A house fire ignited Sunday causing some damage to 413 Doyle St. in Florence.
The residents were likely outside the house when the fire started, according to Florence Fire Chief Mark Slater.
“One happened to go back inside to check on food in the oven,” Slater said. “Smoke came rolling out when they opened the back door.”
Florence, Marion, and Peabody firefighters responded to the call at approximately 7:40 p.m. as part of the automatic aid system between county fire departments.
“Very minimal damage occurred,” Slater said. “The range hood on the stove was the most damaged, which is where we believe it started.”
Slater said that the homeowner had put out the fire before firefighters arrived. A parcel search indicates that Florence resident Daniel J. Depler was the homeowner.
“They are very fortunate,” Slater said. “I do not recommend anyone try to put out fires on their own,” Slater said. “Things can change quickly in a fire. You can injure yourself or worse.”
Safe Kids Kansas reports that 8 out of 10 fire-related deaths take place in the home.
National Fire Prevention week is this week. Home Fire Drill Day is Saturday. Safe Kids Kansas urges parents to make a plan and practice it with children.
Hillsboro Fire Chief Ben Steketee had some tips for families.
“The main thing is to sit down and make a fire escape plan,” Steketee said. “You could just draw one up and post it, but it’s better if you talk about it and practice it. That way everyone knows what to do.”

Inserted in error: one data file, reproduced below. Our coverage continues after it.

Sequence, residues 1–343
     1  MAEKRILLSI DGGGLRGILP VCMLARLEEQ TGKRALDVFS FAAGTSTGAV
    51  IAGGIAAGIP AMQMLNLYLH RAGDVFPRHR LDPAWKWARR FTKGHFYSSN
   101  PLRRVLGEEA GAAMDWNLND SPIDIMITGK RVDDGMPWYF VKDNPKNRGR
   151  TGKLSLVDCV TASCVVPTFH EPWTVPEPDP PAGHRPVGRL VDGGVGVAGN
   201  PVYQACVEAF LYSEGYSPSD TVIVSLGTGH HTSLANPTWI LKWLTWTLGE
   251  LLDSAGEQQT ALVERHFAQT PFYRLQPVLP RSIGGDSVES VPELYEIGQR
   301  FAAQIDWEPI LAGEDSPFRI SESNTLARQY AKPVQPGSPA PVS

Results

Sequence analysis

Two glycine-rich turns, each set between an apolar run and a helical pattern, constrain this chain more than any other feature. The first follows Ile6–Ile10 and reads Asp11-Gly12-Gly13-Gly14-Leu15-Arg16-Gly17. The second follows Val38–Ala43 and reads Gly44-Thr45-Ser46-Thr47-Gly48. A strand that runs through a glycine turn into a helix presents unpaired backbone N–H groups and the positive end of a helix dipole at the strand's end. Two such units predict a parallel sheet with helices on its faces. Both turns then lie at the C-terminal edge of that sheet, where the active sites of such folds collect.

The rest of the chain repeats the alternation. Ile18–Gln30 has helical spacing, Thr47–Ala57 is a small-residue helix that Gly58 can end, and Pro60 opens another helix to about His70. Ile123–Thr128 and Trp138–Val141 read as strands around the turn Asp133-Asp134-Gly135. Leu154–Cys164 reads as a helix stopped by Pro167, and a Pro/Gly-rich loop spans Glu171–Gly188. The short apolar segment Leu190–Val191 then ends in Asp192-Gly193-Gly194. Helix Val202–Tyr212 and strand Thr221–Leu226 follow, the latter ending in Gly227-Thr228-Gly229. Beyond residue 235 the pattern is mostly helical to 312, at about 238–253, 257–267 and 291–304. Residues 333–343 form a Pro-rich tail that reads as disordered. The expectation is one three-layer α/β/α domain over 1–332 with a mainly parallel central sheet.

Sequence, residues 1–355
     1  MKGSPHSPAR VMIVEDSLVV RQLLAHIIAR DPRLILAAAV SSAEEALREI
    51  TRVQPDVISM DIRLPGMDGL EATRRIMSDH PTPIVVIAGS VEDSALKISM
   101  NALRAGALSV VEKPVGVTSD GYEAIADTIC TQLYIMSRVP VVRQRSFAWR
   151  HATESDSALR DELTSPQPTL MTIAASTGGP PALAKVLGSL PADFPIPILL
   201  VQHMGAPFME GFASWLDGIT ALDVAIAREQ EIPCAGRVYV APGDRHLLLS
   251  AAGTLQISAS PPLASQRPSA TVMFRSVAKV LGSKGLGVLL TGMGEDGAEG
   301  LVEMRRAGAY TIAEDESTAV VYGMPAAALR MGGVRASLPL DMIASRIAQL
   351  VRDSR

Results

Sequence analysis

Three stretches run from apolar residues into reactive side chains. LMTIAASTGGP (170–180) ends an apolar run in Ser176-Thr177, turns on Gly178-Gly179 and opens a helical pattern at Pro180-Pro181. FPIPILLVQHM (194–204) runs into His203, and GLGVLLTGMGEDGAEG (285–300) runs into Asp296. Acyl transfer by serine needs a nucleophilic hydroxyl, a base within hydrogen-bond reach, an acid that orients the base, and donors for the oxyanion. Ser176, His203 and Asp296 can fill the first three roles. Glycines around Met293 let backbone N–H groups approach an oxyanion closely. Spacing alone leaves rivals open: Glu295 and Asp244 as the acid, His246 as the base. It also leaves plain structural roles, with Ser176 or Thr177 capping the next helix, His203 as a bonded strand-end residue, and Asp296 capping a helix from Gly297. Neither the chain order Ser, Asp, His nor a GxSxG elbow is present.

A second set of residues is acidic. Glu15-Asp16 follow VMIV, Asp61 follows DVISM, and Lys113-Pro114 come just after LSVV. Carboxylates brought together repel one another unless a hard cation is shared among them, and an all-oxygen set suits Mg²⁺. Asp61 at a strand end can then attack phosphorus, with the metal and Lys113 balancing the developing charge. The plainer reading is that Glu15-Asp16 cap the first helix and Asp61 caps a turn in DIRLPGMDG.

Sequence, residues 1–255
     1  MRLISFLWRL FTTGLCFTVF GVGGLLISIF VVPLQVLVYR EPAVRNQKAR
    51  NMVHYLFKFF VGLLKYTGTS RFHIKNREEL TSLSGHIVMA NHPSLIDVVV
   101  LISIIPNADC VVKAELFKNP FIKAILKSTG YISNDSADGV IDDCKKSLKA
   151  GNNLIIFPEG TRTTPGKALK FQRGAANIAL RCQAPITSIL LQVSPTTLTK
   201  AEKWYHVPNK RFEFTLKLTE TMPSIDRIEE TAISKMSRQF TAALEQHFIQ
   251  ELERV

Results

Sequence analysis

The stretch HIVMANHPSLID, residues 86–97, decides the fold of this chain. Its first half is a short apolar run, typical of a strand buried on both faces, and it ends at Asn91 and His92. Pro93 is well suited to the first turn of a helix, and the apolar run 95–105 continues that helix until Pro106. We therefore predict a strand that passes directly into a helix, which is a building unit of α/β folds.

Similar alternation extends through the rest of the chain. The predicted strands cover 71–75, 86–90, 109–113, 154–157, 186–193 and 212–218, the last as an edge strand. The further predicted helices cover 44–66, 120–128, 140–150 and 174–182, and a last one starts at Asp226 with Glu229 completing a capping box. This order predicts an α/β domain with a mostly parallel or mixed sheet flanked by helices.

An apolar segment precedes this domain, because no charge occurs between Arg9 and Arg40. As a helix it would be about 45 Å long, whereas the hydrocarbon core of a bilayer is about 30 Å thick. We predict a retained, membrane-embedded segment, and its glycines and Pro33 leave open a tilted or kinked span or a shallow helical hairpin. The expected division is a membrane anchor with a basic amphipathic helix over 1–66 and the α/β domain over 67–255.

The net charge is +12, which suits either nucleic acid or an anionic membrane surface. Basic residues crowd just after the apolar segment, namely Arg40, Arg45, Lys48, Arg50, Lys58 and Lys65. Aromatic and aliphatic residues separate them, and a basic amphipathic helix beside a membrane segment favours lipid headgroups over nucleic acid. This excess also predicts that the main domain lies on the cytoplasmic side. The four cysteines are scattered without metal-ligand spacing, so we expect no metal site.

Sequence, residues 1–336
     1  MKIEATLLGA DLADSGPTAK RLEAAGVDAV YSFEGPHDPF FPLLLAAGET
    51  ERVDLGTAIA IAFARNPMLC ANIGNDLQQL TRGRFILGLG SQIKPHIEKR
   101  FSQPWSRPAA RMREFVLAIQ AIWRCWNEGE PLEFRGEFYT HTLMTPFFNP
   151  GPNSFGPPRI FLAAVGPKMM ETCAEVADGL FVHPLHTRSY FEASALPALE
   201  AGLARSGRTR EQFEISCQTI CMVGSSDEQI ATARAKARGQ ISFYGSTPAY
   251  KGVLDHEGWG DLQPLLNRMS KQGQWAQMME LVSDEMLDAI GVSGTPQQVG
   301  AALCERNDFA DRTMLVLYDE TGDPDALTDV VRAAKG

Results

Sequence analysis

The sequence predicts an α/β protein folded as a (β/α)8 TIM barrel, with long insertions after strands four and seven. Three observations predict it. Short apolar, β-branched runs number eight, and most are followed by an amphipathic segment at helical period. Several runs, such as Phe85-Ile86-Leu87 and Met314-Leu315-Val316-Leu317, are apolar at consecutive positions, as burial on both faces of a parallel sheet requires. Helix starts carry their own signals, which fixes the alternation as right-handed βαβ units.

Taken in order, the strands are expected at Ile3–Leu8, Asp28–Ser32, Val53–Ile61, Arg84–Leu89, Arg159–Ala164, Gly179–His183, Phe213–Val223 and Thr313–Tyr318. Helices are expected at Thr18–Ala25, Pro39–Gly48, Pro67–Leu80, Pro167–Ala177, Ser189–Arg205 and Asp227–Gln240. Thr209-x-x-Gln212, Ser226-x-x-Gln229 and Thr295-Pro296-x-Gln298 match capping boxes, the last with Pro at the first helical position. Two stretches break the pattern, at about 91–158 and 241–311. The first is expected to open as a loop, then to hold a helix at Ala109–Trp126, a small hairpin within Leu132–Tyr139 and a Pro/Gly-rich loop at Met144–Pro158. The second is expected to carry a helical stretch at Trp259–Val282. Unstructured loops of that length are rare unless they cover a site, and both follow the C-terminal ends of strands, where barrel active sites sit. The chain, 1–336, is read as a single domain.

Making sure each bedroom has at least two exits is important because paths can become blocked during a fire.
A designated meeting place should be part of the escape plan.
“It needs to be outside in front of the house, far enough away to be safe from a fire and out of the way of traffic,” Steketee said. “It’s also a way to check to see if everyone made it out OK. If someone is not there then it can be assumed they might still be inside.”
Using a timer to make sure everyone can get to the designated safe sport in two minutes or less also is important when practicing an escape plan.
Other tips include making sure smoke detectors are installed on every level of the home, parents checking smoke alarms with kids to make sure children know what the alarm sounds like, and regularly checking batteries.
Children under the 6 years old should have an adult assigned to help them in the escape.
Parents should also make sure kids know to crawl on the floor if there is smoke, and check door handles to tell if it is hot or not. If it is hot, Steketee said, people should use an alternate exit path if possible.